#PTonICE Daily Show – Friday, May 3rd, 2024 – Advancing grip strength

In today’s episode of the PT on ICE Daily Show, Fitness Athlete lead faculty Joe Hanisko tackles the difference between grip endurance & maximal grip strength. Joe also provides several programming examples to help clinicians know what to program, who to program it for, and when to program it.

Take a listen to the episode or check out the full show notes on our blog at www.ptonice.com/blog

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Hey everybody, Alan here. Currently I have the pleasure of serving as their Chief Operating Officer here at ICE. Before we jump into today’s episode of the PT on ICE Daily Show, let’s give a shout out to our sponsor Jane, a clinic management software and EMR. Whether you’re just starting to do your research or you’ve been contemplating switching your software for a while now, the Jane team understands that this process can feel intimidating. That’s why their goal is to provide you with the onboarding resources you need to make your switch as smooth as possible. Jane offers personalized calls to set up your account, a free date import, and a variety of online resources to get you up and running quickly once you switch. And if you need a helping hand along the way, you’ll have access to unlimited phone, email, and chat support included in your Jane subscription. If you’re interested in learning more, you want to book a one-on-one demo, you can head on over to jane.app slash switch. And if you decide to make the switch, don’t forget to use the code icept1mo at sign up to receive a one month free grace period on your new Jane.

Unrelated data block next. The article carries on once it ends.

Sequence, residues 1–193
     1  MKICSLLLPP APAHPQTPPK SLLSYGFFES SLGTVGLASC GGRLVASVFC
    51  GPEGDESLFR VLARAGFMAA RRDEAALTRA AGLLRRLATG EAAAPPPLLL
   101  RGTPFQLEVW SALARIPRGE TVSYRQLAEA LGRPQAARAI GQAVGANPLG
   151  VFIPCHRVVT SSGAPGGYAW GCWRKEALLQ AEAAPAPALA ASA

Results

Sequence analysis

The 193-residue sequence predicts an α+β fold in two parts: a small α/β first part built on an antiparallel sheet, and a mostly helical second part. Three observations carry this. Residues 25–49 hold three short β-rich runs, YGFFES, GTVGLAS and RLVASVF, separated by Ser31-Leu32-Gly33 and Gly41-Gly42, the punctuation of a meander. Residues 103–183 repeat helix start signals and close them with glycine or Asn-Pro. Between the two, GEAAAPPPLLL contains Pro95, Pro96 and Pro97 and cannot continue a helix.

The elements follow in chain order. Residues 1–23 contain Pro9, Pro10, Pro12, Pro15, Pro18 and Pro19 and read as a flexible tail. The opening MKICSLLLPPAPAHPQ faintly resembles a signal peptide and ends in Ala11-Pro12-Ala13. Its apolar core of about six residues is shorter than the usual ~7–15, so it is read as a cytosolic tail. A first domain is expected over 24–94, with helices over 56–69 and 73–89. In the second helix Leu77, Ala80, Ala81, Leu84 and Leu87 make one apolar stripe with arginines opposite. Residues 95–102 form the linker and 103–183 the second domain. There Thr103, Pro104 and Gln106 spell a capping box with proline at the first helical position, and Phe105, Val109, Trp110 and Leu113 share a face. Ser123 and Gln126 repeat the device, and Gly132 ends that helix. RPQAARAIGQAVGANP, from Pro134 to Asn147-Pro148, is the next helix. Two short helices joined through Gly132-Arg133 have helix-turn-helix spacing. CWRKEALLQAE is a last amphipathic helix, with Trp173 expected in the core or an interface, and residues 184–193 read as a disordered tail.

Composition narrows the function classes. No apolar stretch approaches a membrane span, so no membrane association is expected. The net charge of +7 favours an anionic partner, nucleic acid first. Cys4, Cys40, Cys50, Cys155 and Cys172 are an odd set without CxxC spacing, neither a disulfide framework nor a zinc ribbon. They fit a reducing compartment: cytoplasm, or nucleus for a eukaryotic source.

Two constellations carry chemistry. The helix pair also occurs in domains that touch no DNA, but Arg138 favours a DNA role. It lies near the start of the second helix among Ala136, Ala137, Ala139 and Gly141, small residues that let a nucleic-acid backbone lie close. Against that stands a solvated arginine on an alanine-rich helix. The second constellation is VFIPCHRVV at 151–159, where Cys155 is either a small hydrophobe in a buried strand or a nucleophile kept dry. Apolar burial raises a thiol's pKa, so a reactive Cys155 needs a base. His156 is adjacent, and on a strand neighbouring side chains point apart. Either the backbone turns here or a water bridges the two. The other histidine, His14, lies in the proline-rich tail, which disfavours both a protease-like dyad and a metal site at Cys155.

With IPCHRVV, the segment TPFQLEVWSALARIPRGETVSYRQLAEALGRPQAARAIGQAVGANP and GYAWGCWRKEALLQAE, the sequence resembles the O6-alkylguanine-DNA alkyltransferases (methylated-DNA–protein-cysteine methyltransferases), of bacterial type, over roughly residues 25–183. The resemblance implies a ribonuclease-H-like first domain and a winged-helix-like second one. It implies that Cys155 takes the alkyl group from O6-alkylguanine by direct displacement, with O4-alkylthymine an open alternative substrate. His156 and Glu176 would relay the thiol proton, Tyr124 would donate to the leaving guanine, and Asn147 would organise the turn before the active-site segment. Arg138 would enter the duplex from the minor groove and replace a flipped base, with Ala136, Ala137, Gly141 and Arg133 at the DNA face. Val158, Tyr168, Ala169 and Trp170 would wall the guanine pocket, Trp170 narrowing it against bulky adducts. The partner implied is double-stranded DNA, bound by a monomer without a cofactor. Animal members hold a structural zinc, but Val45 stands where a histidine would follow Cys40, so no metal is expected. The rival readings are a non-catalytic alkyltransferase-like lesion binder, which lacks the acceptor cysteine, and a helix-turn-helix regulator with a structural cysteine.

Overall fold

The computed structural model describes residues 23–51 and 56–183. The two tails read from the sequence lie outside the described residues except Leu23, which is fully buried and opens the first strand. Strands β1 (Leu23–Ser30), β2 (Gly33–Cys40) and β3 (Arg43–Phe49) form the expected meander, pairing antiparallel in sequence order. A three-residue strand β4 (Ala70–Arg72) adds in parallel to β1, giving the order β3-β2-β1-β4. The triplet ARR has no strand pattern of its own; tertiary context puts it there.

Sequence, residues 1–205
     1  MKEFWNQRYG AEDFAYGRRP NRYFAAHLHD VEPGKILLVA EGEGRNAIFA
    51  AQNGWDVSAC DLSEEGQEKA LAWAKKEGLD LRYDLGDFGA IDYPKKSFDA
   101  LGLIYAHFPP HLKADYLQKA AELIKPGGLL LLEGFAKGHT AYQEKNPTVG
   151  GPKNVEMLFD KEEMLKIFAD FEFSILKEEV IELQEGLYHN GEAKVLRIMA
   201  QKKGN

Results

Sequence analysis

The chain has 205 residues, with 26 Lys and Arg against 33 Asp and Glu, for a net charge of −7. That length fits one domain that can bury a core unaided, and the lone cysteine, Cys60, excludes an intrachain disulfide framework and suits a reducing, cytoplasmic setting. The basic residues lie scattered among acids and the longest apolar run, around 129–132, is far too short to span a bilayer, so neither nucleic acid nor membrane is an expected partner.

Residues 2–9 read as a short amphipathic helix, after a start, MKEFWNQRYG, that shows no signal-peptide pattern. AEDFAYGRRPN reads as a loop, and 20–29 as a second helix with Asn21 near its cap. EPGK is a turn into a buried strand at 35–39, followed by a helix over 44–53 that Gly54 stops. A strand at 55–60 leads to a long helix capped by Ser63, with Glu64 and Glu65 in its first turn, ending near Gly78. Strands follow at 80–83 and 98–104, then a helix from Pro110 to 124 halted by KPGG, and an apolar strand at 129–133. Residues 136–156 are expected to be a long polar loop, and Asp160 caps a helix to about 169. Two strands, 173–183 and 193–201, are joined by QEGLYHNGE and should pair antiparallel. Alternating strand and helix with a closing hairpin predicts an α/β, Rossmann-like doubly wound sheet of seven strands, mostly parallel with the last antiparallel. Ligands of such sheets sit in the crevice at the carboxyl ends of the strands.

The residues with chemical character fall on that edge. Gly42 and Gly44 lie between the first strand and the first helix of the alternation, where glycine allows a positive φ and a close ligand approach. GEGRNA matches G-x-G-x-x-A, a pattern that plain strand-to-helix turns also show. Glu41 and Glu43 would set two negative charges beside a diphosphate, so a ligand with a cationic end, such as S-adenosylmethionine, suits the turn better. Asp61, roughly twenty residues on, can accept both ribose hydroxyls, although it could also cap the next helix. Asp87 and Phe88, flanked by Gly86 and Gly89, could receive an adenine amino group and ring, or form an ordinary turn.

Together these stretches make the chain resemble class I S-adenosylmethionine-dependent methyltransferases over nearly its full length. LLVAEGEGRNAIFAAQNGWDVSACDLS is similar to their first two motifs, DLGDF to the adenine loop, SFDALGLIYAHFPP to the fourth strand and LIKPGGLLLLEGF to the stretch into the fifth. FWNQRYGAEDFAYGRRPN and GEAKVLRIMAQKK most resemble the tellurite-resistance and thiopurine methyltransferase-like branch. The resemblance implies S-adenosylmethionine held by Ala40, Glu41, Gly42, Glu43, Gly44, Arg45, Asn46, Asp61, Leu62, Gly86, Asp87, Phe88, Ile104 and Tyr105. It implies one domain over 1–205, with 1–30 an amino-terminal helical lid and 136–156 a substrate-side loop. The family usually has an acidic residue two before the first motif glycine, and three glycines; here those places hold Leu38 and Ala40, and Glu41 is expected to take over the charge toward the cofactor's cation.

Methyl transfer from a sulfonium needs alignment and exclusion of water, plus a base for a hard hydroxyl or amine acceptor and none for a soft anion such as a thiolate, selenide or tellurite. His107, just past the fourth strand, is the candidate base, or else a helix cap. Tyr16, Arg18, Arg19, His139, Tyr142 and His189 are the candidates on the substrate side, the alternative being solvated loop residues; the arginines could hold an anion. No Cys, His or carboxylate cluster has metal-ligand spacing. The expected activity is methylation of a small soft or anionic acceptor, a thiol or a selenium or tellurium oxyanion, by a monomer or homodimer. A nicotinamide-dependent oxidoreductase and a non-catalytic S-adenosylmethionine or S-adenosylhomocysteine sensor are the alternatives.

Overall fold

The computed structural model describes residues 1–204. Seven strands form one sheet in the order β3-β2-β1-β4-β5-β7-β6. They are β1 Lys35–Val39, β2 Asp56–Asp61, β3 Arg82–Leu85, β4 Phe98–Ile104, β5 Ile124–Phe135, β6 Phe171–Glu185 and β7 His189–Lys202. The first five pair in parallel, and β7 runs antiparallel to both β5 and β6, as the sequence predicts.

Good morning crew. This is Dr. Joe and it’s going to One of the lead faculty of the fitness athlete division here at ICE. Coming off a great weekend last weekend out in Carson City, Nevada at the Sampler. It was fantastic to see 150 or more PTs from the ICE community there. Great times, great learning, and looking forward to next year as well, which I think is sold out. So if you are interested in going, hop on and grab a waitlist ticket. Pay attention. Jeff will be throwing out some dates for hopping on that waitlist as well. So today, though, team, my plan is to cover… One second, I got a camera issue here. My plan is to cover advanced grip strength. So about a year or so ago I did a podcast on grip strength and it predominantly focused on what I would say is the nuances of grip strength using more of accessory training to build a grip strength within a fitness athlete or just an individual specifically who was looking to build grip strength. But the more I’ve sat back and thought about it, The more I’ve independently tried to train my own grip strength, which I find to be one of my weaknesses in the sport of CrossFit, I really believe that there’s two versions of grip strength, strength that we need to focus on, depending on what our athlete or our person is looking for to develop there. Basically, what I’m going to get at today is specificity of advanced grip strength. And what we’re breaking this down to essentially is two categories. Either someone is looking to build grip strength from more of an endurance perspective, and in the world of CrossFit, I would say that would be like in the gymnastics world. we’re often really taxed on endurance grip strength. That is, while we are on the bar doing things like pull-ups, toast the bar, or possibly on the rings doing more than likely ring muscle-ups of some kind. That is typically what we’re going to hear athletes complain is one of their breaking points is that they just couldn’t hang on or that their grip strength was weakening and therefore when we know through a lot of research now that when the grip goes so do a lot of the other power producing muscles because the energy transfer is just not as clean and clear there. So when I think about endurance grip strength, we’re thinking about gymnastics grip strength training. So that’s one silo. The second silo is going to be more in our weightlifting world of CrossFit, moving maximum loads. But I think that the thing that we haven’t really thought about as much is that when we move max loads, we’re not doing it for long durations. The bar is in our hands for only a few seconds or fraction of a second from the time that the bar leaves the floor until the weight lifting movement, the clean or the snatch, for example, is complete. In other movements like the deadlift, we have strategies like a mixed grip that seems to not be a limiting factor for most once they’ve figured it out, meaning that many people can deadlift their maximum capability with a mixed grip on the bar and their posterior chair and their legs their back are not though are the limiting factor I should say that their grip strength is not the limiting factor so we have a resolution to that in the deadlift but when it comes to the clean and the snatch which require hopefully a hook grip position oftentimes people’s grip strength can be a limiter they may not realize it but often again similar to the gymnastics world when the grip goes our power and our connection to the bar is dampened and when we’re looking to create speed through that mid zone through that second pull of the olympic lifts Often people lose that torque, that grab on the bar, and they lose power production, and the lift may eventually be failed because of that. So certainly it’s not the only thing to consider with weightlifting, but when we’re talking about grip strength, we’re going to look at max grip strength on the barbell as a separate training thought process than we would look at max grip on a gymnastics movement, which tends to be more endurance based.